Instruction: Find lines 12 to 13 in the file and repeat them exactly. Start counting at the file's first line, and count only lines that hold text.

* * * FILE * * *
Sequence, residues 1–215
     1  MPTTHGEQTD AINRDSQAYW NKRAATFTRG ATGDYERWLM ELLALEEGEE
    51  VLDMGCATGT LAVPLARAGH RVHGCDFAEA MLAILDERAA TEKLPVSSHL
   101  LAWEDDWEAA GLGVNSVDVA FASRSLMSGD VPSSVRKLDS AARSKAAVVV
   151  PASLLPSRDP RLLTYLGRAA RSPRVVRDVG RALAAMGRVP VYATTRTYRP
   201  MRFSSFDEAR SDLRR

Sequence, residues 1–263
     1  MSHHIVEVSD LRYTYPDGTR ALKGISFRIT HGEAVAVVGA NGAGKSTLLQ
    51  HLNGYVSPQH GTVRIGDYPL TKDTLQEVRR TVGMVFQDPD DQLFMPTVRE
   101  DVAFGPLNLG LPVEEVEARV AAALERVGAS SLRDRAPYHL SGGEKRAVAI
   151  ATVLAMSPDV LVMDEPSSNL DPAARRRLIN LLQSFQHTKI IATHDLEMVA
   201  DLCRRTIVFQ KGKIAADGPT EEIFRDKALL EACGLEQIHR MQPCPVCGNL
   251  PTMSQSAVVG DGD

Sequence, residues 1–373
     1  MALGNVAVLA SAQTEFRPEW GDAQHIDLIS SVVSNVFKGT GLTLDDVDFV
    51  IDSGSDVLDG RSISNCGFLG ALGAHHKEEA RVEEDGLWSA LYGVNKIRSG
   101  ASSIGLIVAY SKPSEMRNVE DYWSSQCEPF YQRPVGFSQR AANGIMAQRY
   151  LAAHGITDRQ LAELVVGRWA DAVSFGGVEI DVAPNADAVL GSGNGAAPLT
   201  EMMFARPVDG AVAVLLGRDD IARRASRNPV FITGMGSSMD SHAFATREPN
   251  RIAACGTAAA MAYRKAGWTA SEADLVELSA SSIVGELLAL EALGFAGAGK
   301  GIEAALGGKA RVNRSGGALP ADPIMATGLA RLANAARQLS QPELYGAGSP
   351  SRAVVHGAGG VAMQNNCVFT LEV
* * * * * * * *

   201  DLCRRTIVFQ KGKIAADGPT EEIFRDKALL EACGLEQIHR MQPCPVCGNL
   251  PTMSQSAVVG DGD